Michigan State is joining its Big 10 Conference partners in a friendly competition to increase voter registration and turnout on their campuses.
Calling it the Big 10 Voting Challenge, all 14 presidents and chancellors of the Big 10 Conference have signed on in support of the nonpartisan initiative to encourage students to exercise their right to vote, which is an essential component of being an active and engaged citizen.
“Participating in the electoral process is one of the most fundamental rights accorded Americans, but it’s also a duty necessary to support a healthy democracy,” MSU President Lou Anna K. Simon said. “More than ever, America needs informed and engaged citizen-scholars, so I hope all eligible Spartans register and make a lifelong habit of voting regularly.”
MSU was recently designated as a “Voter-Friendly Campus” by national nonpartisan organizations Campus Vote Project and Student Affairs Administrators in Higher Education.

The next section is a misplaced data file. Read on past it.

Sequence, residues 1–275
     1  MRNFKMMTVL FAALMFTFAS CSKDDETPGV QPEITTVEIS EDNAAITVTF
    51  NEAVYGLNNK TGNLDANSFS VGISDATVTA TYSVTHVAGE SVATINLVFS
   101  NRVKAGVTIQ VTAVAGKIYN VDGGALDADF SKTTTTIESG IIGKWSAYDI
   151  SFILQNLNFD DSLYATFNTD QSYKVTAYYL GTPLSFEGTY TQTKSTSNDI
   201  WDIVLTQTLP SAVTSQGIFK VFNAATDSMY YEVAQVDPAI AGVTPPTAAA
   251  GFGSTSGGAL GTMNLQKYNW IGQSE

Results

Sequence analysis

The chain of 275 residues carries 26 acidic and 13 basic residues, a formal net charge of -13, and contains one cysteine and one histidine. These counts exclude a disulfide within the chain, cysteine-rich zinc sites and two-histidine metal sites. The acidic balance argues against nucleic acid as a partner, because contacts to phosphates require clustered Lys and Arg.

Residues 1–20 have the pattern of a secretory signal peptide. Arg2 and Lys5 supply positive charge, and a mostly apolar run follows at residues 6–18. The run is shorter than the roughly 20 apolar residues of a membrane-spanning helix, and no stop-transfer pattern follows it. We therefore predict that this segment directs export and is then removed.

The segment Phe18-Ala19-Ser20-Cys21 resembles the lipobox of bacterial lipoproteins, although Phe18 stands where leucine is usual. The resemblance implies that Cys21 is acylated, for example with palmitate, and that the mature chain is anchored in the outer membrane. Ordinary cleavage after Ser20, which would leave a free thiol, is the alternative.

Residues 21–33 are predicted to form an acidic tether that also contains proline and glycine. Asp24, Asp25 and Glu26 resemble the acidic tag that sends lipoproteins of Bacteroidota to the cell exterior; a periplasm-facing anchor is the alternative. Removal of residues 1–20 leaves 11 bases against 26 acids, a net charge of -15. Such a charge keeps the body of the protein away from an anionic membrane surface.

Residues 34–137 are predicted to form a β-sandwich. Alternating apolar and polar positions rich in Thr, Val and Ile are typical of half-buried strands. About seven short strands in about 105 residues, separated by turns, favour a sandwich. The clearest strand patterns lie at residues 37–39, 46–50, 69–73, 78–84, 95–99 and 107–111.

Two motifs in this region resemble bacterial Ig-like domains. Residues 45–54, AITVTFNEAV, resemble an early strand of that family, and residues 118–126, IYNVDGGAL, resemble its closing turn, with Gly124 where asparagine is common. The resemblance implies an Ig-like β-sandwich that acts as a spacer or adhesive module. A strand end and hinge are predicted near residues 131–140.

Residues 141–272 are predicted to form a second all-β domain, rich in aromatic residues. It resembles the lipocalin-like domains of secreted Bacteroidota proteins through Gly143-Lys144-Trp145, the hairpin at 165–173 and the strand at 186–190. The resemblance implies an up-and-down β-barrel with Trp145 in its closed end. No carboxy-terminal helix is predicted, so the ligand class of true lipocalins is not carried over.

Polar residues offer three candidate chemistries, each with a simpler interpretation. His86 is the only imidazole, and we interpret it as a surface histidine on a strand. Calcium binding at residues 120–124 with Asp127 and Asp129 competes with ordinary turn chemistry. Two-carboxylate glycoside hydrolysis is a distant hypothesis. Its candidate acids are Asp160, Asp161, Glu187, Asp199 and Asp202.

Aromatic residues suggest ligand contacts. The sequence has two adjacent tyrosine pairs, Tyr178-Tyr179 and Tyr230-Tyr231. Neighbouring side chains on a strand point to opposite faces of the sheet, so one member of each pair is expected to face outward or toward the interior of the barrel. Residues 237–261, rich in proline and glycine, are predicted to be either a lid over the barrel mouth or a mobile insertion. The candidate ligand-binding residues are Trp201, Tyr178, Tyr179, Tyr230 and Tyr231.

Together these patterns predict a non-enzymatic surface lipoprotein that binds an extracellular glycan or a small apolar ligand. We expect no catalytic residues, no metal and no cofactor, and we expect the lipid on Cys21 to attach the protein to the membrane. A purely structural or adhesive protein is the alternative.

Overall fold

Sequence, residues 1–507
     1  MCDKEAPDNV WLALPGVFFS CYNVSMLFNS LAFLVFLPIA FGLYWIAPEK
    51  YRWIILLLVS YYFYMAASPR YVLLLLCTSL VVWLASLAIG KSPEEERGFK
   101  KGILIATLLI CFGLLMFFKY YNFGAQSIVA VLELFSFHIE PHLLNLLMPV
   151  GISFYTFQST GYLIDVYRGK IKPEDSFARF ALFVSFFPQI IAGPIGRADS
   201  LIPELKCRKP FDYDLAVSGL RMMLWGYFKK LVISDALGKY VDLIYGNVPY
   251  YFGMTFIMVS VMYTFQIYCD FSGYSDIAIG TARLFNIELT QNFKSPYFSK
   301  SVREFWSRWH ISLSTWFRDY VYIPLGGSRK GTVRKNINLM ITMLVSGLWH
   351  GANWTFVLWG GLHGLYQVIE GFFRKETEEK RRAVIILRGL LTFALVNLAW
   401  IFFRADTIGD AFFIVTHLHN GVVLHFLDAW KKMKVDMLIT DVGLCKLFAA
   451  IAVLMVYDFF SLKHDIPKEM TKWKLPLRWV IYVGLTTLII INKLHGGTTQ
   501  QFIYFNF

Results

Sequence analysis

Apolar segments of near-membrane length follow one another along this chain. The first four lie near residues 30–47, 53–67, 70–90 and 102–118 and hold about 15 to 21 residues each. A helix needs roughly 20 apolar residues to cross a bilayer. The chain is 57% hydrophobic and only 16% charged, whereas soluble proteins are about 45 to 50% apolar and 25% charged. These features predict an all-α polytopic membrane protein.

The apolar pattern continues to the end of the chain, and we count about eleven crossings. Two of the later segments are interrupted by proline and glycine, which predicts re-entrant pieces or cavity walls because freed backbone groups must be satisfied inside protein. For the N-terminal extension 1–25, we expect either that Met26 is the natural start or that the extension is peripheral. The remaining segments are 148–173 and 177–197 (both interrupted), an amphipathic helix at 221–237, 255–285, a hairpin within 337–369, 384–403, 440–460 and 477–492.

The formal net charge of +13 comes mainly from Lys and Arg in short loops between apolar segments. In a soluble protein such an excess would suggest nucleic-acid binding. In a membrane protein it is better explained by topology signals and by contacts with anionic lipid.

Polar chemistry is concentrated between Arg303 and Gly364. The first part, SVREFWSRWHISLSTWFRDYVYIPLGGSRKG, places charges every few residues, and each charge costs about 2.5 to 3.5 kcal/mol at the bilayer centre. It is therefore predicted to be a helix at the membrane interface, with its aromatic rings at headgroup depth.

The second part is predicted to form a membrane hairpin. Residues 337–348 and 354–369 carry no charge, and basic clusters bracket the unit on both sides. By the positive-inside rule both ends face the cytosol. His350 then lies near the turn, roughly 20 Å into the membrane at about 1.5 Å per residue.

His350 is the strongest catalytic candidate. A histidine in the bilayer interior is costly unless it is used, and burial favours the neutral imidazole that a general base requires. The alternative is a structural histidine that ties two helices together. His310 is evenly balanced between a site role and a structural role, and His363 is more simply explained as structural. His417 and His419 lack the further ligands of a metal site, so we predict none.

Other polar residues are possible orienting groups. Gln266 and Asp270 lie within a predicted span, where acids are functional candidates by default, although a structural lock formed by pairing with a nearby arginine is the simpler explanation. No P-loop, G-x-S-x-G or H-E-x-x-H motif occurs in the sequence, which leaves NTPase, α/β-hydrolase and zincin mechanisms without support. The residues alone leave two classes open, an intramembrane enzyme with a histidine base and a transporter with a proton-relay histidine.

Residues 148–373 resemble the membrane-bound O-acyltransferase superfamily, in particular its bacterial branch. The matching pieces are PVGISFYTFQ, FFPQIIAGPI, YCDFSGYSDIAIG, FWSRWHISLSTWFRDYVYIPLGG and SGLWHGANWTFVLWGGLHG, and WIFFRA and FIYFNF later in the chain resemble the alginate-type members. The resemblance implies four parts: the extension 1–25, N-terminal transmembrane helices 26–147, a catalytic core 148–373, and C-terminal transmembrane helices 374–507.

The MSUvote committee partnered with Associated Students of Michigan State University and the clerk of the City of East Lansing to help students overcome barriers to voting during the 2016 election. The collaboration registered groups of students in person, encouraged participation through TurboVote, and hosted the Michigan Secretary of State’s Mobile Unit for a voter registration day netting more than 7,500 new registrations.
Michigan State is made up of five separate voting precincts. For the 2016 general election, students waited patiently in long lines to give MSU an average on-campus voter participation rate of 73 percent. In student-heavy off-campus neighborhoods the voter participation rate was 61 percent. Both MSU’s on-campus and off-campus rates were significantly higher than the national average of 50 percent of eligible young people – about 24 million youth, ages 18-29 – who voted in the 2016 election.
Tufts University’s National Study of Learning, Voting, and Engagement will serve as the judge for the Big 10 Voting Challenge.